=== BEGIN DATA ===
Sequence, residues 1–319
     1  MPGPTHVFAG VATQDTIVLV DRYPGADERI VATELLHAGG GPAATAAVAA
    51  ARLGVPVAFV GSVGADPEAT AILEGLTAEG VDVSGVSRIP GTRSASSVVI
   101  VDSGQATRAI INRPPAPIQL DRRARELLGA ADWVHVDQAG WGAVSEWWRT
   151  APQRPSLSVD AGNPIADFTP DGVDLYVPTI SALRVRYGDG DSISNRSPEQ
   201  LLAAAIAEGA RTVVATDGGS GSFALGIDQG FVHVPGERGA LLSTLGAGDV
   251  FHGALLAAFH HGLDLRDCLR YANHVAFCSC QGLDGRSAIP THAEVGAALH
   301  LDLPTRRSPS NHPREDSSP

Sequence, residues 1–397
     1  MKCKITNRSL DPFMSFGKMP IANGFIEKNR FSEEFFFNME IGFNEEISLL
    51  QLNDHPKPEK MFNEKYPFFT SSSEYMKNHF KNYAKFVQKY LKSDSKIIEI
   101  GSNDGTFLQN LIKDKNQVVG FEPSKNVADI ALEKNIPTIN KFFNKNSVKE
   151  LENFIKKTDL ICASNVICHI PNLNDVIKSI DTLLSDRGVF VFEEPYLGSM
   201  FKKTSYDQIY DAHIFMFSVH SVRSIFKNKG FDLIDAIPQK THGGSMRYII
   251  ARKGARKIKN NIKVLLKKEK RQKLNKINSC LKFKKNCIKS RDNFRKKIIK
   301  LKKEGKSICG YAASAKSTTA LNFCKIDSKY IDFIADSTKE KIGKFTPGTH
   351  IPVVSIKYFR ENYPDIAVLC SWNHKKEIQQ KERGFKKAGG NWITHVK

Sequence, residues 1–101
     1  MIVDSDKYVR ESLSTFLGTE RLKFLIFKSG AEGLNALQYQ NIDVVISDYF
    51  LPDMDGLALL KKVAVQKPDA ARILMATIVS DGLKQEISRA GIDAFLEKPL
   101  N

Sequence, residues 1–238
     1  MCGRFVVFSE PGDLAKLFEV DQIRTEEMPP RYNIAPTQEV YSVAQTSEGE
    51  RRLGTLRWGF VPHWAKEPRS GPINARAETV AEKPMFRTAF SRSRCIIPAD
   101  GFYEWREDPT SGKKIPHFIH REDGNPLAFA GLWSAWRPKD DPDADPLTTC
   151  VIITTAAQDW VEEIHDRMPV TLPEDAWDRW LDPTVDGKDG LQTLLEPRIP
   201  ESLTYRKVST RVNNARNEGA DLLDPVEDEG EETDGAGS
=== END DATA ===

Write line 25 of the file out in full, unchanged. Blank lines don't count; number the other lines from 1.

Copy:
   101  GFYEWREDPT SGKKIPHFIH REDGNPLAFA GLWSAWRPKD DPDADPLTTC